Beautiful People” and it was dramatic and beautiful, but I was terrified. I didnt want to act in
front of anyone, I didn’t want people to make fun of my voice.
Once I had performed the scene though, I was hooked again. I knew I couldn’t give this up,
not anymore. I became a part of an acting group in the school, and began performing in play
after play, and taking as many classes as I could, working as hard as I could, wanting to learn
as much as possible about this wonderful craft that I love.
People were still telling me that I couldnt do it, telling me the only characters I could play
were sick ones, but I stayed strong and refused to listen.
I didn’t let this disease I once had take control of me again.
In my third year in college, I auditioned for the play “Fools” and I got the lead. It was the
first time I felt like I was getting the chance to prove that I could do this. Not just to people,
but to myself. Members of the acting group tried to kick me out of the play, they said I
couldn’t be the lead because no one would hear me, I fought back again and even more.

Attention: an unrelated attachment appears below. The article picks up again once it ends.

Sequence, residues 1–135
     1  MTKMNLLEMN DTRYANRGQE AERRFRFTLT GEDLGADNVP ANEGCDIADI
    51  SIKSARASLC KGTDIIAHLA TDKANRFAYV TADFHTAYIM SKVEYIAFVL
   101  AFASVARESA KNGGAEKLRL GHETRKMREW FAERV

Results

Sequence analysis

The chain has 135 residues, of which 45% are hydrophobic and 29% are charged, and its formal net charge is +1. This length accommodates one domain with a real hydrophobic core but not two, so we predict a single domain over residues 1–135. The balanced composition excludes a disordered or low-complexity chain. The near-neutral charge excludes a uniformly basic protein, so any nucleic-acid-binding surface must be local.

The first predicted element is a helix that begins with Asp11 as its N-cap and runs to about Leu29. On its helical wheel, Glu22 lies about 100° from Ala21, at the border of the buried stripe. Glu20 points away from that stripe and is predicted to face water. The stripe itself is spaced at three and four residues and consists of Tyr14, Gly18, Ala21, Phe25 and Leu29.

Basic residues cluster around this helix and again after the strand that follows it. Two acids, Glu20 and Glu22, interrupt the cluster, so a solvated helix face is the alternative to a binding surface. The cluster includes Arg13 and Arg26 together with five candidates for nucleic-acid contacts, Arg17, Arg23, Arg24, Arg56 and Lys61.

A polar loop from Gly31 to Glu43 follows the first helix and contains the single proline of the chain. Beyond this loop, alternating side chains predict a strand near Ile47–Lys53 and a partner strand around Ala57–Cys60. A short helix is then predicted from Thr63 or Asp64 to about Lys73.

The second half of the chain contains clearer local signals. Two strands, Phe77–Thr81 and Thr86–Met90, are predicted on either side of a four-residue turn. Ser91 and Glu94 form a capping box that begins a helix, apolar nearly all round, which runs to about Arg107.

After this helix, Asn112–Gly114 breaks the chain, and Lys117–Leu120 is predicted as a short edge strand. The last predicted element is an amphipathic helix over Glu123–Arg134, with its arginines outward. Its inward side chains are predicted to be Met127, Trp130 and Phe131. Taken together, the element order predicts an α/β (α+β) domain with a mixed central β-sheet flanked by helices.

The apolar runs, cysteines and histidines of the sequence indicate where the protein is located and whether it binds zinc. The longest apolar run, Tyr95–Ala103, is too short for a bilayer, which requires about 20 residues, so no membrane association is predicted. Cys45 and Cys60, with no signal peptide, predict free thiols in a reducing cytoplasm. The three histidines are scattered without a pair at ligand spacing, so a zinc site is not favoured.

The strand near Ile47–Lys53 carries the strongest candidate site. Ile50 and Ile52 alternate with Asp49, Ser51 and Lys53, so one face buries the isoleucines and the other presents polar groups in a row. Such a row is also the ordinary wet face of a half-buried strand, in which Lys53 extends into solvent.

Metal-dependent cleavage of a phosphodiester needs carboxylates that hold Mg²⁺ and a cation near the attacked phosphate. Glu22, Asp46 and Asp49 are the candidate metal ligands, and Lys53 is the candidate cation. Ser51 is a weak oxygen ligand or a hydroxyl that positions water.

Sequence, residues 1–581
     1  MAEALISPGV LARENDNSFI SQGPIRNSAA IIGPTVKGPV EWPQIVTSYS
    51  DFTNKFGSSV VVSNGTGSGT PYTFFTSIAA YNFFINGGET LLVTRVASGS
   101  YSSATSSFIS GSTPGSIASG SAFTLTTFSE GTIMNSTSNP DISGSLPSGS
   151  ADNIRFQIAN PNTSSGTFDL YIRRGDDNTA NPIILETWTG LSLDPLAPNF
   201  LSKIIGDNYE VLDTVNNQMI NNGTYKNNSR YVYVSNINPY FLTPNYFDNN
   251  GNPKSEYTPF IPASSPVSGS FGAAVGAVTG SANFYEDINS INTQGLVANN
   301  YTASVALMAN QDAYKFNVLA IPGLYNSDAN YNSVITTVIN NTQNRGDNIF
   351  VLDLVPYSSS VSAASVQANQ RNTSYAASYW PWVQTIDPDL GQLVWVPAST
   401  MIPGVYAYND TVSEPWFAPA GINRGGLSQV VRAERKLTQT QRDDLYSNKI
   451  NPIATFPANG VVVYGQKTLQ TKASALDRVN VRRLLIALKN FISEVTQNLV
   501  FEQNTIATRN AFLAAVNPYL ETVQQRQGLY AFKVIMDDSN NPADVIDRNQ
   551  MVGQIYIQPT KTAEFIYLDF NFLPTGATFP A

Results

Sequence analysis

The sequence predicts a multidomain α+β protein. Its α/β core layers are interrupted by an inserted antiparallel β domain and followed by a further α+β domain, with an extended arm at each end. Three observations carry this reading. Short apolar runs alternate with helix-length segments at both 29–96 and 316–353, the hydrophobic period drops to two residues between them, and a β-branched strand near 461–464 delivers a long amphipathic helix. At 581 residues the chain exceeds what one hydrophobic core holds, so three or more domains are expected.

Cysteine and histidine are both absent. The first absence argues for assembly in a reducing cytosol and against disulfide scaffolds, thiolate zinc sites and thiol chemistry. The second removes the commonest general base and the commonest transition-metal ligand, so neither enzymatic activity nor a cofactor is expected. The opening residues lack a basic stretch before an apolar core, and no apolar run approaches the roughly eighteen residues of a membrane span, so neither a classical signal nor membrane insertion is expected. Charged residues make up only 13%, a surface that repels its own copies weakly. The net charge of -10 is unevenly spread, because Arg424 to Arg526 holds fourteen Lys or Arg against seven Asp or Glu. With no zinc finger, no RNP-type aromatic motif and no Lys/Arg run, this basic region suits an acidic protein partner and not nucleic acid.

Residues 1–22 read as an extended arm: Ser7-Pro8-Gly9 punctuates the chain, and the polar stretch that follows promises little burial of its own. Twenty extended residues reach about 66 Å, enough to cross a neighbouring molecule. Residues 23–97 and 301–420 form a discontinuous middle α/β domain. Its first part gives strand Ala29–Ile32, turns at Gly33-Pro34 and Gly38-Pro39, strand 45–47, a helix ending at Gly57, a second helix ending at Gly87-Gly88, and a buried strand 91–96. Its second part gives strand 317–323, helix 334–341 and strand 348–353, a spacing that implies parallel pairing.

The first night of the play, in this small theater, the audience was packed. People were sitting
on the stairs and some had to be sent away, it was crazy. I was so nervous, but felt this
energy inside me that bursted out and led me throughout the performance.
When it was over, everyone began to applaud and stand up. My eyes started tearing up. I did
it, I stayed strong and proved that I can do this, and it was amazing.
Nobody could understand how much this silly play meant to me, and I would hold onto that
feeling for the rest of my life.
Then, last year, things started to change again. I started feeling shortness of breath and my
voice was getting weaker than usual.

Life Changes
I went in to see a doctor and wondered if there was any way I could get my voice fixed, after
being in remission for so long.
The doctor told me that my airway was narrow, the size of a three year olds, and that there
was no way to ever fix my voice. That I would never speak normally again.
It was a lot to take in. It was a hope I had in the back of my mind that very quickly started to
crumble.
I started seeing more doctors because of my airway. No one understood how it was getting
more narrow all of a sudden. The scar tissue, due to all the surgeries I had, was somehow
beginning to grow. I worried about having surgery, worried the papillomas would come
back if it was messed with, worried I would lose my voice all together.
I started going to the emergency room because I was feeling more shortness of breath. Soon
after, I decided to go to a doctor in Boston who chose to remove part of my vocal cord and